To date, Open Classical DFW has hosted 50 chamber music concerts in various venues across North Texas. In 2017 alone, Landson was able to pay 65 musicians to perform. For an organization that operates purely on fundraising, many would say that’s impressive.
A large chunk of Open Classical DFW’s programming is devoted to its Artist Series, which works to present concerts for small and medium-sized classical groups in DFW. Landson refers to the series as the listening experience, while the weekly Buzzbrews event is the social one. “It’s a way to give opportunities for classical musicians to be self-starters, to create projects, and have a way to get them out to the public,” Landson says. “It’s like Shark Tank for classical music. We invest in the promotion, advertising, etc.”
One of Open Classical’s newest collaborators is the Verdigris Ensemble, a new Dallas-based choral group led by Artistic Director Sam Brukhman. He and Landson met last fall and quickly found common ground on the need for innovation in classical music. When Brukhman told him about their upcoming concert based on the Apollo 8 mission, the two agreed that it was a perfect opportunity to work together. “About a week later, he (Landson) messaged me, saying that the UTA Planetarium might by a really cool space to experiment with live visuals while Verdigris performed,” Brukhman says. “He sent me a live video of the space and I instantly told him, ‘we need to do this.’”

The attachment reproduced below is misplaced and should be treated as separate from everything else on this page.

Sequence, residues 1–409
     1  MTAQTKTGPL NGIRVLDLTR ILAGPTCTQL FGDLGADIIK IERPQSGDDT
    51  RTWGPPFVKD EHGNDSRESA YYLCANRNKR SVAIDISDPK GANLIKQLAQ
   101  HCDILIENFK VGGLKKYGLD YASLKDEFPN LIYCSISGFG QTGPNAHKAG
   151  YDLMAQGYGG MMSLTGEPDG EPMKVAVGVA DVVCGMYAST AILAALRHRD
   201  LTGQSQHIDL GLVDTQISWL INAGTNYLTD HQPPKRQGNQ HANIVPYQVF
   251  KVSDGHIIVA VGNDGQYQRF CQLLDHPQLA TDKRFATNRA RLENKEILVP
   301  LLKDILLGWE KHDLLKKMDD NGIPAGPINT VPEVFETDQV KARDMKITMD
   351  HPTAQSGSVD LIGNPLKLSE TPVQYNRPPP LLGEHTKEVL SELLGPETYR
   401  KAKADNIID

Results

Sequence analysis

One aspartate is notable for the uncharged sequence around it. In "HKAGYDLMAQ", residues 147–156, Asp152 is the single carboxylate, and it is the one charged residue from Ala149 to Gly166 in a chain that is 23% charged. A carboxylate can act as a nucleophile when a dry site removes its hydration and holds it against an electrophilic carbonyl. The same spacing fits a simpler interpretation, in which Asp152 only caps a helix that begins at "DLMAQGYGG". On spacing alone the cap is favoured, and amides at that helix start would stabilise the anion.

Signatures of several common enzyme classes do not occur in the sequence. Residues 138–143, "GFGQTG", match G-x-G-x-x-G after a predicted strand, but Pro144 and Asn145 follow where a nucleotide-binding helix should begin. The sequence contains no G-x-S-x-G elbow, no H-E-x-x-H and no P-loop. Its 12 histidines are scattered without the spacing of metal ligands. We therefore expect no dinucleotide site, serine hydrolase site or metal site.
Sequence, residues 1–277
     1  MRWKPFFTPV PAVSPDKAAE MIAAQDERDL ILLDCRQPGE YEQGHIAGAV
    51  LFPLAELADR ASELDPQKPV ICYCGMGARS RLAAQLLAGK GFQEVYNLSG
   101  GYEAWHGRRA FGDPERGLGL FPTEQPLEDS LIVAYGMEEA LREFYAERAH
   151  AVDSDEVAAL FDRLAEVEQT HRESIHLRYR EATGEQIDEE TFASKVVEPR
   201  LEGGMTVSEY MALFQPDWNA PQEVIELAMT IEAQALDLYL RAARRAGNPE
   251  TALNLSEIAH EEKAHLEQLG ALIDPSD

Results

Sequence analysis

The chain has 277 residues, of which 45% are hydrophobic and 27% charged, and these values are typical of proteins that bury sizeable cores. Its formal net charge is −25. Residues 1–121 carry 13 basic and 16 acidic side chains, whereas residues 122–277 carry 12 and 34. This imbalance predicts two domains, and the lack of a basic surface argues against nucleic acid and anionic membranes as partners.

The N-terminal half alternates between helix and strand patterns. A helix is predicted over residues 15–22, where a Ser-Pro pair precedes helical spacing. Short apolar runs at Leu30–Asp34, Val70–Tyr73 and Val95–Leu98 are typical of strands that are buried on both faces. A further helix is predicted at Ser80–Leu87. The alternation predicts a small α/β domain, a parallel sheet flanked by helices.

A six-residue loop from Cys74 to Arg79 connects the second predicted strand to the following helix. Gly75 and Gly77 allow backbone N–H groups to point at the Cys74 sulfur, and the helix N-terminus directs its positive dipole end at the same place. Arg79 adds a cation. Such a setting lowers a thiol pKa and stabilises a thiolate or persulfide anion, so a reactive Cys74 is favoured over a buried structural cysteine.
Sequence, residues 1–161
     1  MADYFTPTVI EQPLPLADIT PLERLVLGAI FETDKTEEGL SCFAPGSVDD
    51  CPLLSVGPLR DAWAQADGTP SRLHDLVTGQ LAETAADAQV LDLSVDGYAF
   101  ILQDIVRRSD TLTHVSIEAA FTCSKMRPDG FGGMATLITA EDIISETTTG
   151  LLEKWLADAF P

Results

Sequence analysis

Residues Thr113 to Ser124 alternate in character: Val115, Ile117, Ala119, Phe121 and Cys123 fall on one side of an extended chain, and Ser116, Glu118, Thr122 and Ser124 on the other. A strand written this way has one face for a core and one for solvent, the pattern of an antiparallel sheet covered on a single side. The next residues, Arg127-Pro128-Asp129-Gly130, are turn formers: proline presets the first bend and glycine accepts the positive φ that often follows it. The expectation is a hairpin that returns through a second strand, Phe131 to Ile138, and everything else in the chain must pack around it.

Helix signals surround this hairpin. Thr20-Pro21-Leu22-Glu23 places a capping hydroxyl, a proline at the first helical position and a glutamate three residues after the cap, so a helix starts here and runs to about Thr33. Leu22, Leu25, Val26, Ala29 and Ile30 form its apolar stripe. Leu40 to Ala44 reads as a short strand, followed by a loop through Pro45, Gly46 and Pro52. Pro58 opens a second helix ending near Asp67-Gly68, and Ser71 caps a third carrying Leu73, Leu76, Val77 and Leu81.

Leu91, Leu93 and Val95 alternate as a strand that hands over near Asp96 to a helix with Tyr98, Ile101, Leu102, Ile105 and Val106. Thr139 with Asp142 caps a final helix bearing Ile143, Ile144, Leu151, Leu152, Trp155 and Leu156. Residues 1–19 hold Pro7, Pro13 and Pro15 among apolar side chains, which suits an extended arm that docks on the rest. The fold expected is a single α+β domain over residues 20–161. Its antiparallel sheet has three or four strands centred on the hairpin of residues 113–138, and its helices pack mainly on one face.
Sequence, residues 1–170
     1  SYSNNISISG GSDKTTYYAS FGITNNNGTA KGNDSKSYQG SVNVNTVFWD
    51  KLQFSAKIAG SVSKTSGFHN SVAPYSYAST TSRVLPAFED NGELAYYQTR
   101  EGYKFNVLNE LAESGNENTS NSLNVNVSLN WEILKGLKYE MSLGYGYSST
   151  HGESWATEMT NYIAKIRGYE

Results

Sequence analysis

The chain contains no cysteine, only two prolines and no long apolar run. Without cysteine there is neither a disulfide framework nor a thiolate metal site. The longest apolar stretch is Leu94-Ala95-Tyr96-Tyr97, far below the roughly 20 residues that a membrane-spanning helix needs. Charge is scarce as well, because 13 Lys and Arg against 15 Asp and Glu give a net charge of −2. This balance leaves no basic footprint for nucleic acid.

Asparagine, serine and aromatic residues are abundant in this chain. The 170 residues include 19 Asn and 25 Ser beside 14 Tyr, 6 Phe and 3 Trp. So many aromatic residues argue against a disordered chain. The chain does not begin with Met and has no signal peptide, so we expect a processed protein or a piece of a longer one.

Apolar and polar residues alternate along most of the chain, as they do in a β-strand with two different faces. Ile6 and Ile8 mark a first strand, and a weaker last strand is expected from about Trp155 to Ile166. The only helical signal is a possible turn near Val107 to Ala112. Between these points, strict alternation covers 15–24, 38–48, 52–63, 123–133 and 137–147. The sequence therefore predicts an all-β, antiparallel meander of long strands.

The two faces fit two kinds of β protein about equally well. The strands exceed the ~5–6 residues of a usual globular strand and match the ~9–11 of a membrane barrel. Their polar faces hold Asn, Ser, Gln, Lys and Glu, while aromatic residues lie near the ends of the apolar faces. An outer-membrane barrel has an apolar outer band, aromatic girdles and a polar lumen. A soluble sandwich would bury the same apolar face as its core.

In a region branded more for football stadiums and shopping malls, there’s a lot to be said about celebrating and supporting classical music and the people who play it. Welcoming outside talent is also essential, which is why Open Classical routinely hosts performers from other cities, states, and even countries. In April, they hosted two concerts by the Texas Guitar Quartet. In May, the Houston-based Dancewicz-Doucet Duo will perform. Colorado’s Altius Quartet and Rochester, New York’s The Windsor Trio have also visited. “Altius Quartet and Windsor Trio are great examples of chamber groups who have won national competitions but are not in the regular big management tour circuit,” Landson says. “(They’re) high quality groups not yet entrenched with a ton of high paying concerts. We give them a way to make money and build their story coming through DFW.”
The story-building continues in multiple ways. Back at Buzzbrews, Nikola Olic and Kelly Ball are having dinner while an electric guitarist plays a Bach piece for open mic night. The couple has been coming to Classical Open Mic nearly every week since they began dating in 2012. In fact, it’s where they met. Olic sees this period of Dallas’ cultural climate as being in a sort of renaissance, especially within the past ten years or so. “In terms of physical spaces that we have, in terms of the orchestra and their capabilities, and the groups that perform here, it’s a very potent space,” he says. “And there is no doubt in any of our minds that there’s an absolute space for this. People come here from all sorts of established environments to join us and have a good time and there have been so many collaborative experiences. I feel that Dallas easily has space for this and we’re looking forward to what’s happening in the next ten years.”